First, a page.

• Vertical Line Test
This interactive applet asks the student to connect points on a plane in order to build a function and then test it to see if it's valid.
• Yam in the Oven
The purpose of this task is to give students practice interpreting statements using function notation. It can be used as a diagnostic if students seem to be having trouble with function notation, for example interpreting f(x) as the product of f and x.
This is a simple task touching on two key points of functions. First, there is the idea that not all functions have real numbers as domain and range values. Second, the task addresses the issue of when a function admits an inverse, and the process of "restricting the domain" in order to achieve an invertible function.
nterpret linear or exponential functions that arise in applications in terms of a context (Standards F.IF.4–6).
• 1,000 is half of 2,000
This real-life modeling task could serve as a summative exercise in which many aspects of students' knowledge of functions are put to work.
• As the Wheel Turns
In this task, students use trigonometric functions to model the movement of a point around a wheel and, in the case of part (c), through space (F-TF.5). Students also interpret features of graphs in terms of the given real-world context (F-IF.4).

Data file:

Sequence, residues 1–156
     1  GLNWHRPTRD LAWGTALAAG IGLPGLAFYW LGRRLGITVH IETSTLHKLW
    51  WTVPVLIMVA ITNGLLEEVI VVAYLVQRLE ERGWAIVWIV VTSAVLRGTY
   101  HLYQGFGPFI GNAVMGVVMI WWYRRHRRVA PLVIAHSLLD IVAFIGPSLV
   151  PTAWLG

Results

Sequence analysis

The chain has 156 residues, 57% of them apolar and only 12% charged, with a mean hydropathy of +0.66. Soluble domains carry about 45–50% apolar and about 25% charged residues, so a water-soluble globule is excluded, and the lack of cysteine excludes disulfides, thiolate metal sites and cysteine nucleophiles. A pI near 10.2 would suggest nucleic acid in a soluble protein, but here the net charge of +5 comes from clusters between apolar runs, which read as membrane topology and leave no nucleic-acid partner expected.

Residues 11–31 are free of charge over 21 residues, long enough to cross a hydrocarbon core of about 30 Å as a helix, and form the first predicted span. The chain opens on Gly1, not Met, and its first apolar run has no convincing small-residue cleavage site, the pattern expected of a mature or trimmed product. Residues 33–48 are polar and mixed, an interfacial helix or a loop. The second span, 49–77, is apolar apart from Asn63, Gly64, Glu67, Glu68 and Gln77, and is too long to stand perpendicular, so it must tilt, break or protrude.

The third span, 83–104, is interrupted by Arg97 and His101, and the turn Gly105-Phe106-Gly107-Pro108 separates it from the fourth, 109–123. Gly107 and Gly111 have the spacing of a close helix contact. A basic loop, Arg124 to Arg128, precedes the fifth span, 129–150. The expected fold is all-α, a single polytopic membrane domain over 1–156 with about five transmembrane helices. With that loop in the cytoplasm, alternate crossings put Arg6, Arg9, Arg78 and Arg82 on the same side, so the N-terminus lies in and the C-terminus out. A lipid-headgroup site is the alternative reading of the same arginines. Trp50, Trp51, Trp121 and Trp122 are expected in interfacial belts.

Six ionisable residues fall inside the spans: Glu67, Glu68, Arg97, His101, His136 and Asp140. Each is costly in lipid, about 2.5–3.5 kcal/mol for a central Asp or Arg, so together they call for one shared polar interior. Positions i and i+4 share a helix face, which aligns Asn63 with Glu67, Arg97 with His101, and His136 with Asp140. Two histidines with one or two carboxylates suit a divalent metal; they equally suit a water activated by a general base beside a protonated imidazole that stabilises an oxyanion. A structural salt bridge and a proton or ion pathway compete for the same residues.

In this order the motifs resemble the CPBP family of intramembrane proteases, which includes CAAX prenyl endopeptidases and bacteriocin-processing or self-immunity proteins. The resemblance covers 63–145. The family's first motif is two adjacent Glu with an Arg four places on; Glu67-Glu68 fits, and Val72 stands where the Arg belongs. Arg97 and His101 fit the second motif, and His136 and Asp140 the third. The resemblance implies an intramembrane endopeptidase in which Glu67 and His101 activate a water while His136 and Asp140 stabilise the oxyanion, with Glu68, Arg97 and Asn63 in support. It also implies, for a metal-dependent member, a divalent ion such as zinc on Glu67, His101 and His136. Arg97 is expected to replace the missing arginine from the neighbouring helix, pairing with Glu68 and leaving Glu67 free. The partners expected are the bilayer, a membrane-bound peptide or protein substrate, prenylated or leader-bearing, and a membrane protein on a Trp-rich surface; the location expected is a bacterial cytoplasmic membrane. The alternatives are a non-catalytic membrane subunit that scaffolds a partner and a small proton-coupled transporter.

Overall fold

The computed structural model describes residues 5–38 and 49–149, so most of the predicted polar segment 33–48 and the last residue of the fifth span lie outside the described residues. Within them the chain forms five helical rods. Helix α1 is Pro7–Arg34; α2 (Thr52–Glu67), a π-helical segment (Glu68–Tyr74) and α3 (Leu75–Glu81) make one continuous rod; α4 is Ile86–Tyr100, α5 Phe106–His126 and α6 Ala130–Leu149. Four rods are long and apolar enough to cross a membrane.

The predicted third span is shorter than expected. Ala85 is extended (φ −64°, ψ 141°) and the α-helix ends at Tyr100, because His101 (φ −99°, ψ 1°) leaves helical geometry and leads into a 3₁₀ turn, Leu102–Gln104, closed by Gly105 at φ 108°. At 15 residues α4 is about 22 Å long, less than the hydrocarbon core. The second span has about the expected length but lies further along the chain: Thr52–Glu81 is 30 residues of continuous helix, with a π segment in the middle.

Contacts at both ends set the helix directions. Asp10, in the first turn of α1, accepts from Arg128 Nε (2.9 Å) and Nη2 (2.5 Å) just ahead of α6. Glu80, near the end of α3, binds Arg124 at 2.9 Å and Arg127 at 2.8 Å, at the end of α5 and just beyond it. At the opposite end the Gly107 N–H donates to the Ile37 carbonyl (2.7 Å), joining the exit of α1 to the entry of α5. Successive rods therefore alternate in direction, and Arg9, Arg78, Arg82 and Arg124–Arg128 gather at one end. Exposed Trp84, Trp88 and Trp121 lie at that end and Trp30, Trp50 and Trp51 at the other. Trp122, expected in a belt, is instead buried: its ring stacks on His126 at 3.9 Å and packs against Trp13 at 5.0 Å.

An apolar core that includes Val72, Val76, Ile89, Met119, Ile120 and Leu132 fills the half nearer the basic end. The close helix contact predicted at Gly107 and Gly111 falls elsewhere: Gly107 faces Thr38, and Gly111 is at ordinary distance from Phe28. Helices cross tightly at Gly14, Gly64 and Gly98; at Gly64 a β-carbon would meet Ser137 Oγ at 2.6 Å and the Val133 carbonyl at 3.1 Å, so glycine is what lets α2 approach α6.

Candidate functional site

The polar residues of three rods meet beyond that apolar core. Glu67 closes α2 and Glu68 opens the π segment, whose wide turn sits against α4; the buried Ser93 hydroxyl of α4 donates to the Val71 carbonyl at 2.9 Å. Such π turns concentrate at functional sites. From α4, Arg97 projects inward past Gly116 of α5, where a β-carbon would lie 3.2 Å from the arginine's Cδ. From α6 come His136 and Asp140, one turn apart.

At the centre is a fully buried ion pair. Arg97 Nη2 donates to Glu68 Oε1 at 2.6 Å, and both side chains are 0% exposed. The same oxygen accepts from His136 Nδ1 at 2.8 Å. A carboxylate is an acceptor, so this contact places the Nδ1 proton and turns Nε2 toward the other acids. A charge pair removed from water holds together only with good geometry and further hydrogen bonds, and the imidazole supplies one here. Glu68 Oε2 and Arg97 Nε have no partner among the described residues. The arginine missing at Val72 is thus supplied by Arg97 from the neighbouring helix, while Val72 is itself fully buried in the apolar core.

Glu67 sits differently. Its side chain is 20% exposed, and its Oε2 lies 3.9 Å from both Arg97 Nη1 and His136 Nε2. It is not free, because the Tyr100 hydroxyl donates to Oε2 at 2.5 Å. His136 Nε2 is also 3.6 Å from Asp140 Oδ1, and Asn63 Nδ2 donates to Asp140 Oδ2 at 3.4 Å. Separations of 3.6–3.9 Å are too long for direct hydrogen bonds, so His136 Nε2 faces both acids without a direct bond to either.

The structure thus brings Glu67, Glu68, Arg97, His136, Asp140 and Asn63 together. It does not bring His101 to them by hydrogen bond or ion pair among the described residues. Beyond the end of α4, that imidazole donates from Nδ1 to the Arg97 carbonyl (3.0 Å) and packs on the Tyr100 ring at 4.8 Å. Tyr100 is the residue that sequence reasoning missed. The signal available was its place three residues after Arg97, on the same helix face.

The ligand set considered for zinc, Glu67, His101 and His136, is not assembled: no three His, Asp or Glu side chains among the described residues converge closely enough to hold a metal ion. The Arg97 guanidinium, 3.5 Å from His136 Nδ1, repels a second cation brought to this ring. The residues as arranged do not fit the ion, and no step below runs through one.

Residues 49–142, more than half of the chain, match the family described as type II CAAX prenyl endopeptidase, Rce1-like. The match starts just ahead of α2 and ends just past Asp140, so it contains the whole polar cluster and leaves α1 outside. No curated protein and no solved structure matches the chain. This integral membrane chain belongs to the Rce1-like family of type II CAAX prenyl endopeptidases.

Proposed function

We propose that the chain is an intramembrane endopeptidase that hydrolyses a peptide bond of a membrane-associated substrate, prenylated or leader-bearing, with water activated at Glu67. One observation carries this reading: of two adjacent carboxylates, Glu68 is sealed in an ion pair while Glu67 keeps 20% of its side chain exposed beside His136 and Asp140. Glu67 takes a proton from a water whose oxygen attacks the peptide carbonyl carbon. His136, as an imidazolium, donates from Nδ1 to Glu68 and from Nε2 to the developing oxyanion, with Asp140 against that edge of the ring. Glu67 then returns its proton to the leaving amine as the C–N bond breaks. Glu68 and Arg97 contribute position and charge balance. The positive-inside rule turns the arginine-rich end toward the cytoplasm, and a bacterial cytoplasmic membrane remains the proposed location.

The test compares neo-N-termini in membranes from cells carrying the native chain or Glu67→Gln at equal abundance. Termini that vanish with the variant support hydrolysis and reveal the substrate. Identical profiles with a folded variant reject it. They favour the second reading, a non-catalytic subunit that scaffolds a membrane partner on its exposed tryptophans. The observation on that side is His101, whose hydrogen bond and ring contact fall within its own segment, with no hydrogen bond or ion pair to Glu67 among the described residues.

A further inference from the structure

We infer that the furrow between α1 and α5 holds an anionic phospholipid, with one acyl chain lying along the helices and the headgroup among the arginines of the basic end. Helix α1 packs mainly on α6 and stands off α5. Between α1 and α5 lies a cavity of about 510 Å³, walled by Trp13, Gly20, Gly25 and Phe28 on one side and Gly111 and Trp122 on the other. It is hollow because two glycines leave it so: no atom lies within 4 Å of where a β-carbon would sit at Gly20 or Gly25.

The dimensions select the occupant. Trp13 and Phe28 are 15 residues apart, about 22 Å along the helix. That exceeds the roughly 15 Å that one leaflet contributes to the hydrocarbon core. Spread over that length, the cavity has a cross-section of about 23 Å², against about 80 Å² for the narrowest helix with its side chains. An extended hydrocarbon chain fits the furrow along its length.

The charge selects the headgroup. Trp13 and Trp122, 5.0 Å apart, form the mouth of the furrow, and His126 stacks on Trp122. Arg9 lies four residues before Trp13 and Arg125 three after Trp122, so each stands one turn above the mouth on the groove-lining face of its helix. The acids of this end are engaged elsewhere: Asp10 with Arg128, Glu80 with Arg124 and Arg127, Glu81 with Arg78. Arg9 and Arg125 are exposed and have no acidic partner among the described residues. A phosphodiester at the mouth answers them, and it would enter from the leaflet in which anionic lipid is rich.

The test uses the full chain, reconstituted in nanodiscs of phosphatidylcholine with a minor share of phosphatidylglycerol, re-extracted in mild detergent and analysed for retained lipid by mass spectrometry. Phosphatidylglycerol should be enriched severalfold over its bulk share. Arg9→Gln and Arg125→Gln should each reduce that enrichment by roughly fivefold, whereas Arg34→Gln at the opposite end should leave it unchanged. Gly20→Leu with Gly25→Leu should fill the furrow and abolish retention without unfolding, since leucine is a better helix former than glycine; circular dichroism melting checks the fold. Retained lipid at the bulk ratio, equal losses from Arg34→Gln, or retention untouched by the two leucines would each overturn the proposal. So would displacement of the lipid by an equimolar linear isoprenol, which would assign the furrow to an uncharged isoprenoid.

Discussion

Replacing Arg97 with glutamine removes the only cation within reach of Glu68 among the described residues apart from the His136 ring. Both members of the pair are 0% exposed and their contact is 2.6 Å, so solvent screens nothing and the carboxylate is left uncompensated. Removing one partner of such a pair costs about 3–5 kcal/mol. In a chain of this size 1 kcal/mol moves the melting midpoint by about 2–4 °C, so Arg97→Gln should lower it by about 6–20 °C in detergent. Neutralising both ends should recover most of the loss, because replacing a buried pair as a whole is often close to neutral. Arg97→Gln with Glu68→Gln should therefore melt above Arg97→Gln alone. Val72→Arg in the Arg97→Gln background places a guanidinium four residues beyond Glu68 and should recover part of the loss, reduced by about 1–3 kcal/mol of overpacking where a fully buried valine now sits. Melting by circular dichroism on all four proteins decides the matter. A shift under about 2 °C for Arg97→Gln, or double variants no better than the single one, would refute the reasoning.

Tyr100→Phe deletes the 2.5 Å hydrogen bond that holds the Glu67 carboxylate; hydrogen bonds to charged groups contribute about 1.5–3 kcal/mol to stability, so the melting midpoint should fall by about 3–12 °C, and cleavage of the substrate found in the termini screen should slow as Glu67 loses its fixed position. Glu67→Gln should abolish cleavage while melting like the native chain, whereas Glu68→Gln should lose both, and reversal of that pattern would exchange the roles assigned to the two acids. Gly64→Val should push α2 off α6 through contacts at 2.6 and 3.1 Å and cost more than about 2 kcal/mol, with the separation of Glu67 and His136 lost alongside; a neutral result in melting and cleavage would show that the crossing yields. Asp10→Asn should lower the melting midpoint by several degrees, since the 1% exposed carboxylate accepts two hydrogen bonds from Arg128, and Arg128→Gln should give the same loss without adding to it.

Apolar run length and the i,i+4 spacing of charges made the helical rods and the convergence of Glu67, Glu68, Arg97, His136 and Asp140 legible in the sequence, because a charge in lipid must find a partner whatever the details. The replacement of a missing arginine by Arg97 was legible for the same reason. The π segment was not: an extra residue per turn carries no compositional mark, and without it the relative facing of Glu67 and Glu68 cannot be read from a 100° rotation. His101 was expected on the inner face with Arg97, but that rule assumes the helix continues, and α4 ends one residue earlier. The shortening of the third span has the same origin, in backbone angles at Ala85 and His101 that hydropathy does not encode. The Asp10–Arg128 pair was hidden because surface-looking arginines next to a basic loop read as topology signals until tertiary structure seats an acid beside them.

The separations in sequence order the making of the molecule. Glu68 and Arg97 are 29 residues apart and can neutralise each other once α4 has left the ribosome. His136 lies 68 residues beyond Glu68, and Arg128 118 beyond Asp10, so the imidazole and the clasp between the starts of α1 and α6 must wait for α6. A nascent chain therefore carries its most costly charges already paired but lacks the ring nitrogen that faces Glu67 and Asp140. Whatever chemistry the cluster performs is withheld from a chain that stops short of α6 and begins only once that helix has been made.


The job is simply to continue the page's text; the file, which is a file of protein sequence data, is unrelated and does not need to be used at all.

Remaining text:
• Average Cost
For a function that models a relationship between two quantities, students will interpret key features of graphs and tables in terms of the quantities, and sketch graphs showing key features given a verbal description of the relationship.
• Containers
The purpose of the task is to help students think about how two quantities vary together in a context where the rate of change is not given explicitly but is derived from the context.
• From the flight deck
This task is designed to help students learns how to Interpret functions that arise in applications in terms of the context.
• Functions and the Vertical Line Test
The vertical line test for functions is the focus of this lesson plan.
• Hoisting the Flag 1